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Maudgalyayana

Disciple of the Buddha

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Maudgalyayana (also called Moggallana, Maha Moggallana, or Mahamaudgalyayana) was one of the principle disciples of the historical Buddha. In some traditions, Maudgalyayana was said to have magical powers. He is also remembered as a close lifelong friend to Sariputra.

Maudgalyayana's Early Life

Maudgalyayana was born into a wealthy and prominent Brahmin family in what is now the Indian state of Bihar. His original name was Kolita.

According to Buddhist tradition, Kolita's family was close to another Brahmanic family living nearby. A son was born to the other family on the same day as Maudgalyayana's birth and named Upatissa. The two boys became inseparable friends and remained so their entire lives.

Once the two young men attended a festival of entertainment that went on for several days. Something about the entertainment left Kolita and Upatissa uncomfortable. They began to question the significance of their lives and what might happen in years go come,when neither they nor the entertainers could escape old age and death.

Kolita and Upatissa grew increasingly unhappy, and eventually they vowed to become wandering aesthetics and seek enlightenment. They gave up their homes, wealth, and lives of privilege to become begging spiritual seekers.

The Search for Enlightenment

In 6th century India, begging holy men were a common sight. Within the Brahmin caste, older men sometimes became brahmanas and lived out their senior years meditating in the forest.

But there was another tradition, called the shramanas, joined by men of all castes. The shramanas were wandering mendicant spiritual seekers who rejected the caste system and social convention. These shramanas formed spiritual communities in the forests and governed themselves through consensus, almost like modern republics.

Many shramana communities formed around well-known teachers. One of these was named Sanjaya, who taught that the deep questions about the nature of existence could not be answered by logic or philosophical speculation. For this reason, Sanjaya refused to commit to specific doctrines about the existence of souls or of life after death. Instead, he taught his students to be detached from any existential views.

Kolita and Upatissa were attracted to Sanjaya's shramana for a time, but decided that he had no remedy for their spiritual unease. So they left Sanjaya and went searching again. They met many other renowned sages and mystics, but they perceived that these allegedly wise men knew no more than they did. After 20 years of wandering, they returned to area where they grew up. But they remained unsatisfied.

Meeting the Buddha

But their spiritual quest was not finished. One day Upatissa met an uncommonly serene ascetic named Assaji. Assaji had been one of the Buddha's original companions and one of the five monks to be present at the Buddha's first sermon.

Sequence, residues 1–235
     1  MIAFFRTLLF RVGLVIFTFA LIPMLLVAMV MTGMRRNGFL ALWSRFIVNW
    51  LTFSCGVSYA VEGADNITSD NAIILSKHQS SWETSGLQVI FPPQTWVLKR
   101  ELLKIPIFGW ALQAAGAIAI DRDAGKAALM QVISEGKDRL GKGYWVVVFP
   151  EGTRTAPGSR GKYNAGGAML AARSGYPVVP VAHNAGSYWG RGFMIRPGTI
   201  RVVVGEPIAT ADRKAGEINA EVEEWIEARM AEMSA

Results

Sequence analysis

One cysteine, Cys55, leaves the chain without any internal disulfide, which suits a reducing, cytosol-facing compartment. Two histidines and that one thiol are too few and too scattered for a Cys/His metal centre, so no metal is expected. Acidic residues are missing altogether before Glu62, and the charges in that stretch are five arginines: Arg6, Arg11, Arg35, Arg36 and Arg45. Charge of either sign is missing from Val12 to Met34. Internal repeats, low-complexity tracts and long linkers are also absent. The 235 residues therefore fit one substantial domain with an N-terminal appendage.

A few words of dharma from Assaji gave Upatissa great insight. He ran to his friend to tell him he had learned of a true teacher, the Buddha, who was staying nearby. The pair resolved to go see the Buddha.

First they visited their old teacher Sanjaya and invited him to come also and be a disciple of the Buddha. But Sanjaya had been a revered teacher surrounded by fawning disciples for many years. He could not bear the thought of being a mere student again.

When the two friends finally came into the presence of the Buddha, he proclaimed they were a blessed pair who would become his chief disciples. From then on, Upatissa was called Sariputra, or son of Sari, his mother. Kolita was called Maudgalyayana, his clan name. This would be lengthened to Maha-Maudgalyayana, or "great one of the Maudgalyayana."

Waking Up

Ancient accounts emphasize what might be called Maudgalyayana's psychic or supernatural powers. However, modern Buddhist might better relate to a problem he struggled with early in practice.

Maudgalyayana withdrew to a forest to apply himself to meditation. Through warm days, tropical breezes, the scent of flowers, the songs of birds, dappled sunlight shining through the canopy of leaves -- Maudgalyayana struggled with sleepiness. Day after day he struggled to keep his eyes open and his posture correct. Anyone who has fought off sleepiness during a long meditation retreat can relate to this.

The Buddha worked patiently with his student, as generations of Buddhist teachers have worked with sleepy students since. The Capala Sutta of the Pali Tipitika (Anguttara Nikaya 7.58) records the Buddha's advice for sleepy mediators, as taught to Maudgalyayana.

Maudgalyayana successfully overcame his sleepiness problem and realized enlightenment. As the Buddha had predicted, Maudgalyayana and Sariputra became chief disciples. He said, "Seek and cultivate, O monks, the company of Sariputra and Maudgalyayana! They are wise and are helpful to their fellows in the Holy Life. Sariputra is like a mother, and Maudgalyayana is like a nurse. Sariputra trains monks for the Fruit of stream-entry, and Maudgalyayana for the supreme goal." (Majjhima Nikaya, 141)

Maudgalyayana and Sariputra lived to be 84 years old, but they passed away under very different circumstances. Sariputra, sensing his end was near, went home to see his aged mother and died peacefully in the room where he was born. About a fortnight later, Maudgalyayana was seized and beaten by members of a rival sect. Broken and bleeding, the elderly man stumbled to his teacher, the Buddha, and peacefully died at his feet.

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